Oxford University Press removes words associated with Christianity from children’s dictionary

What is going on in England?

Cultural suicide?

The (London) Sunday Telegraph reports today that words associated with Christianity, the monarchy and British history have been dropped from a leading dictionary for children.

One of the country’s top publishers, Oxford University Press, has removed words like “abbey” (as in Westminster), “aisle,” “bishop,” “chapel,” “empire” and “monarch” from its 10,000 word Oxford Junior Dictionary and replaced them with words like “blog,” “broadband,” “voicemail,” “MP3 player” and “celebrity”.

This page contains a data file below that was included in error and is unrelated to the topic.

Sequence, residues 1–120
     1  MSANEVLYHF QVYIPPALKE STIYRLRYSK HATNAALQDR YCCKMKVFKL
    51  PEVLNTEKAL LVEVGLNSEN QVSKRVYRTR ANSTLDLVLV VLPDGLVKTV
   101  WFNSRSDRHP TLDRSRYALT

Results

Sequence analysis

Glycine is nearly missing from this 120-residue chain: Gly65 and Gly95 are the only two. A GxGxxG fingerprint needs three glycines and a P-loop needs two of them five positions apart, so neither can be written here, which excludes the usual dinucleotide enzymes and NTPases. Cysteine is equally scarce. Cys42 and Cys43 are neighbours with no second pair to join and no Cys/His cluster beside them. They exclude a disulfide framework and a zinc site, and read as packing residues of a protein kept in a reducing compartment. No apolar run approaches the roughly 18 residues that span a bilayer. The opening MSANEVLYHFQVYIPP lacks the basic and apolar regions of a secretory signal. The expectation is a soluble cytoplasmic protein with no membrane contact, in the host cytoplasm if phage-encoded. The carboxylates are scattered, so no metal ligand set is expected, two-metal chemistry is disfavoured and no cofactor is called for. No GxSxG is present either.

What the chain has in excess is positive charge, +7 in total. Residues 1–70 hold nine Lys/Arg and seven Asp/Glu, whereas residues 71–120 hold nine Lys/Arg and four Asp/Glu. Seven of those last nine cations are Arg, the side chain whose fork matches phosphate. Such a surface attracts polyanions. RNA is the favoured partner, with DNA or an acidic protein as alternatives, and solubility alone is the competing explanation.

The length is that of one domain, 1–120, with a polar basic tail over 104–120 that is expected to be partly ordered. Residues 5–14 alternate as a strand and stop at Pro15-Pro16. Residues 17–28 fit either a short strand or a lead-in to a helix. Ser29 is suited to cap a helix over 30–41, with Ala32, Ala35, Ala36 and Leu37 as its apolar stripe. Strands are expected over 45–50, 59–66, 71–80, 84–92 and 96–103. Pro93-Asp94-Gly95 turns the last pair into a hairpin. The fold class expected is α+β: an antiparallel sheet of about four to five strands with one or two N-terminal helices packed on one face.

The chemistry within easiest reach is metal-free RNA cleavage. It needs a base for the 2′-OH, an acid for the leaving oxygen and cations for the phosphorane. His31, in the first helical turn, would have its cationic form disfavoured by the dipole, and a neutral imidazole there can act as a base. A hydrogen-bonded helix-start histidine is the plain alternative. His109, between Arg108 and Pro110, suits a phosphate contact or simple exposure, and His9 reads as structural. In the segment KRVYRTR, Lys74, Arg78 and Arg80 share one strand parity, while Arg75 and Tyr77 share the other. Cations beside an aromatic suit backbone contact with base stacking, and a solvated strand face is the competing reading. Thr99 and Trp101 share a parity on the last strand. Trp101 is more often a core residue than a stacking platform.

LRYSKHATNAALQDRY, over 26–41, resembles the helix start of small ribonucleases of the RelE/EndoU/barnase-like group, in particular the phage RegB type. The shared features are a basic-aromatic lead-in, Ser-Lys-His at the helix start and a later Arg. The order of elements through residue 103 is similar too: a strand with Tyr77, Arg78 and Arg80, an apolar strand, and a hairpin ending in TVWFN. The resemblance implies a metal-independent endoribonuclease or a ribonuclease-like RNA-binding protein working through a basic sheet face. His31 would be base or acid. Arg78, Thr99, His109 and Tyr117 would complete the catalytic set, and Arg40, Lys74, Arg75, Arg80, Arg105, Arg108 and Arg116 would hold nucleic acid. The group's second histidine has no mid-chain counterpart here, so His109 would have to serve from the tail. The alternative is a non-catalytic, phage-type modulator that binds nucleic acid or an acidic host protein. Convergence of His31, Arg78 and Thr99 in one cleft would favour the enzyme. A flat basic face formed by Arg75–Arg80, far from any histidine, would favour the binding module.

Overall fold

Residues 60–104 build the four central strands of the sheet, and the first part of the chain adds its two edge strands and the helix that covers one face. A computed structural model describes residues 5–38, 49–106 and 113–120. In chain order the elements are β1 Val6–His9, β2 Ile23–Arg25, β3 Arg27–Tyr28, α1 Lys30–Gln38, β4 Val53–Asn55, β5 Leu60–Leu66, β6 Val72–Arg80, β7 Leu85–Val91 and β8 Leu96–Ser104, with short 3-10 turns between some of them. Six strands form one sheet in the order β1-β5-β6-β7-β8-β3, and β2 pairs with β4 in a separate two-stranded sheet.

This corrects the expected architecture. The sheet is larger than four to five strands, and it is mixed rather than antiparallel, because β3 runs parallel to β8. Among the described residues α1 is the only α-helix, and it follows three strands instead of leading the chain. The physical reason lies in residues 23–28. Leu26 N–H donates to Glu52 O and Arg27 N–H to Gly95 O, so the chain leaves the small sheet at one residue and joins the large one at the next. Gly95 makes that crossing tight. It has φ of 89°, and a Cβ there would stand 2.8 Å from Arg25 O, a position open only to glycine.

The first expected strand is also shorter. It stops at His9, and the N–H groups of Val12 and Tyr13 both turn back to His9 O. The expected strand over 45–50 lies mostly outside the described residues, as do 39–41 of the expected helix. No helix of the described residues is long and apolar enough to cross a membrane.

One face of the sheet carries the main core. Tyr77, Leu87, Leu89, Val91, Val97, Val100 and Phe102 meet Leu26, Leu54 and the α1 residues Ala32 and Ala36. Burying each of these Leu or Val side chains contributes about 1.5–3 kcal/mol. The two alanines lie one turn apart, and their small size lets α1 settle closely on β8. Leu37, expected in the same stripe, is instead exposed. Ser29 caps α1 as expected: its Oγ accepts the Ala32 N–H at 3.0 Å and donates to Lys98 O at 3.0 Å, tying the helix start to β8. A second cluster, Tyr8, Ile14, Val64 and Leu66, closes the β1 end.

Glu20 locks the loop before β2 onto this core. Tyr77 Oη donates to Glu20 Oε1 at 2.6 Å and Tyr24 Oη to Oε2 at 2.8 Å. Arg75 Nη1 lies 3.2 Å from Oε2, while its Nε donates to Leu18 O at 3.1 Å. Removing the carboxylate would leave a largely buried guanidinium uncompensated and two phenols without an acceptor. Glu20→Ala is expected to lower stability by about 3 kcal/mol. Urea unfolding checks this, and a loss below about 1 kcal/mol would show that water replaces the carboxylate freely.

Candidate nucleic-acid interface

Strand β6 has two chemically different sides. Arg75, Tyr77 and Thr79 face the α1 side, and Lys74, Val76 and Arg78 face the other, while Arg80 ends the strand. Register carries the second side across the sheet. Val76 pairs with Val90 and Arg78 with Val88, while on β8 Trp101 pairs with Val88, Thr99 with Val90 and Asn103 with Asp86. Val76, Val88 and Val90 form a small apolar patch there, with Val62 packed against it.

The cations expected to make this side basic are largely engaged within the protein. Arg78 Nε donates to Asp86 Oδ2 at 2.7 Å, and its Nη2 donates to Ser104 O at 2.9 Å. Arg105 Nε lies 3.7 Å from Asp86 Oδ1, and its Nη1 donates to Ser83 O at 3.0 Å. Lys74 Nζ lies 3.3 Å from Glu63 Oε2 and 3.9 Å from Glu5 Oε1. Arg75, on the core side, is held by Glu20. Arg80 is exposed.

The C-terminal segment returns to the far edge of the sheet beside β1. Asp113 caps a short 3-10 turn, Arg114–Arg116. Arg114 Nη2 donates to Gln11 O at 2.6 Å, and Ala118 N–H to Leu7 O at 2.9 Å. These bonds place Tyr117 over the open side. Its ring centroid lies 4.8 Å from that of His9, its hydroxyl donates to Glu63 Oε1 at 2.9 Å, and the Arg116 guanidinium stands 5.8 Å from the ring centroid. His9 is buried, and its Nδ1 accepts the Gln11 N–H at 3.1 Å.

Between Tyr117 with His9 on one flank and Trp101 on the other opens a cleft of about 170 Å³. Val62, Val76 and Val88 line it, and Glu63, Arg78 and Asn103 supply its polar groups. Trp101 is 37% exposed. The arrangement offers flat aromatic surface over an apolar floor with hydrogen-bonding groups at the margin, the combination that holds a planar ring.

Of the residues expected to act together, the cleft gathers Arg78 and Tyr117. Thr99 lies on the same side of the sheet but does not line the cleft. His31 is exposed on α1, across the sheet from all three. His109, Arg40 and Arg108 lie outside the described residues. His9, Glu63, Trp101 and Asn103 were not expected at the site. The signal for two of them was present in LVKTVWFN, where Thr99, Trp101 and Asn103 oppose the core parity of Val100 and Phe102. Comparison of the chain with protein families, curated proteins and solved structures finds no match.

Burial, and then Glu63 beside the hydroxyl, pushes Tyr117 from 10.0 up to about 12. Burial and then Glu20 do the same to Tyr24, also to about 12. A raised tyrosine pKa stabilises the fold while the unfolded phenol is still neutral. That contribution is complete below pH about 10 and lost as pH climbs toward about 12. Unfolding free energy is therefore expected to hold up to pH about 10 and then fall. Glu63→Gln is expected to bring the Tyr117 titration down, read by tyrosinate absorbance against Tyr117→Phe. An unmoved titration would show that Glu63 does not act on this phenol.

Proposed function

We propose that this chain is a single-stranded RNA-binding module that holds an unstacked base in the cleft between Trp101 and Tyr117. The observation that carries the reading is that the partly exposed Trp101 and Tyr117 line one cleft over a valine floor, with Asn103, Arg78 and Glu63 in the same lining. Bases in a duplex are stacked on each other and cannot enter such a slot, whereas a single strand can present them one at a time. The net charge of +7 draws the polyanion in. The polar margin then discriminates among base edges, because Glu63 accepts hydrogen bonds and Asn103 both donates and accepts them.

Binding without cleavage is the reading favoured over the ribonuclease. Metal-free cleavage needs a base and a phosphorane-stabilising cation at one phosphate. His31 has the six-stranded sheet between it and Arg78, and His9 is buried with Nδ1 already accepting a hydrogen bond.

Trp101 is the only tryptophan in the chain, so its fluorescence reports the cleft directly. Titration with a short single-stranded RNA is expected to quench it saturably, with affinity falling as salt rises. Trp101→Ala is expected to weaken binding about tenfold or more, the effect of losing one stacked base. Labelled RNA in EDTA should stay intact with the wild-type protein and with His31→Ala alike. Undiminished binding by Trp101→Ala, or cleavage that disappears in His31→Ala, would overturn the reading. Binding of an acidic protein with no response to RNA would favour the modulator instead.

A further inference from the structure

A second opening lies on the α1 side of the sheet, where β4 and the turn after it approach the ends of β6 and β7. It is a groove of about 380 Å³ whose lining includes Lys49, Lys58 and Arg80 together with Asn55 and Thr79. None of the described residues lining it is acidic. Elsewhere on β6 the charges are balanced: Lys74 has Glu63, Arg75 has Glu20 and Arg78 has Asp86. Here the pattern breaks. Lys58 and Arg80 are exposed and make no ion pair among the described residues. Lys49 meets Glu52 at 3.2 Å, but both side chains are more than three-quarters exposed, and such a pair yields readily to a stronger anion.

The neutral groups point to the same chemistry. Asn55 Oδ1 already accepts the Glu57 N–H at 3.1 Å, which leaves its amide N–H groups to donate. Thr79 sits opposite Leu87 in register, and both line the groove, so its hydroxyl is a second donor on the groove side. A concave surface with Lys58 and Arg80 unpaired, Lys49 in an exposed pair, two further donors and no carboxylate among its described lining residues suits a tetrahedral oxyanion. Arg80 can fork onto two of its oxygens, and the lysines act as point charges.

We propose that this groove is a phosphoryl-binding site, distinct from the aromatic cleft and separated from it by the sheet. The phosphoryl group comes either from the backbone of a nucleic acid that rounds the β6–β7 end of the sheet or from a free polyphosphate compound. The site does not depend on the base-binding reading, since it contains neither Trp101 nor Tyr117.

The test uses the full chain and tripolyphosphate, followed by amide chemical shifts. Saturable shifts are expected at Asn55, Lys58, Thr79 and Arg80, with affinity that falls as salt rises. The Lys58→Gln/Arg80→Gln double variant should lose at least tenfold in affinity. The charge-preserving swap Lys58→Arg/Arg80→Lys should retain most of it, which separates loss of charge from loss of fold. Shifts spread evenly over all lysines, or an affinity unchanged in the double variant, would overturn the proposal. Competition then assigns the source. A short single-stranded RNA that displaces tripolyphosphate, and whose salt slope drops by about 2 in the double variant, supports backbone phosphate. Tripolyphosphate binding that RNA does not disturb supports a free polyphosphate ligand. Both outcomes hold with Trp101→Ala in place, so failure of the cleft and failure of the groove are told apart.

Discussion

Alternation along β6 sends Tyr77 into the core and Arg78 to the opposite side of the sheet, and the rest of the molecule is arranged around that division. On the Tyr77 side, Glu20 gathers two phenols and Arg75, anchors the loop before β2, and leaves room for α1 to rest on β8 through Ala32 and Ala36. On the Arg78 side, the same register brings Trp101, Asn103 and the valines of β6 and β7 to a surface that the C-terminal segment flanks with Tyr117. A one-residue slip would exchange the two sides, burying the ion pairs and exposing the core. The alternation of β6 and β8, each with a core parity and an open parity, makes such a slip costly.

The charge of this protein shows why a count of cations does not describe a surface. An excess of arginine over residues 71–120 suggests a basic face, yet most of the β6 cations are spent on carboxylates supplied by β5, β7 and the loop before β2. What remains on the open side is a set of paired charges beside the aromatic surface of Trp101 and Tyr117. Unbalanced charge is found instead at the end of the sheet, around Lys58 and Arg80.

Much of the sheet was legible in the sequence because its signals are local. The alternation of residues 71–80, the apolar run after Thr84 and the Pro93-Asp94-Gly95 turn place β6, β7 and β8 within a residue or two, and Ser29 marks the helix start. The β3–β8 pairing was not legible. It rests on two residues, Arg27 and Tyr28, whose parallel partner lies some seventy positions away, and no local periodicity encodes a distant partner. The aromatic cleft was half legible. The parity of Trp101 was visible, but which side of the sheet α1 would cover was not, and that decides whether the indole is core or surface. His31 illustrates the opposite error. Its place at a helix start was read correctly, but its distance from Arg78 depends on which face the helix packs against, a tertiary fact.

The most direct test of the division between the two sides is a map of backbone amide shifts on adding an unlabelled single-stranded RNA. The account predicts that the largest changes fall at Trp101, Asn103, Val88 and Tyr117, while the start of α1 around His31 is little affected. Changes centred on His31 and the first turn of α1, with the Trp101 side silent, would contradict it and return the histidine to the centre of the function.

The publisher claims the changes have been made to reflect the fact that Britain is a “multicultural, multifaith society.”

Among the words taken out:

* Abbey, aisle, altar, bishop, chapel, disciple, minister, monastery, monk, nun, nunnery, parish, pew, psalm, pulpit, saint, sin, devil, vicar
* Carol, cracker, holly, ivy, mistletoe
* Coronation, duchess, duke, emperor, empire, monarch, decade

Among the words put in:

* Blog, broadband, MP3 player, voicemail, attachment, database, export, chatroom
* Celebrity, negotiate, interdependent, citizenship, committee, endangered, EU, Euro, and (best of all for children) biodegradable

Tom Gross — Tom Gross is a former Middle East correspondent for the London Sunday Telegraph and the New York Daily News.

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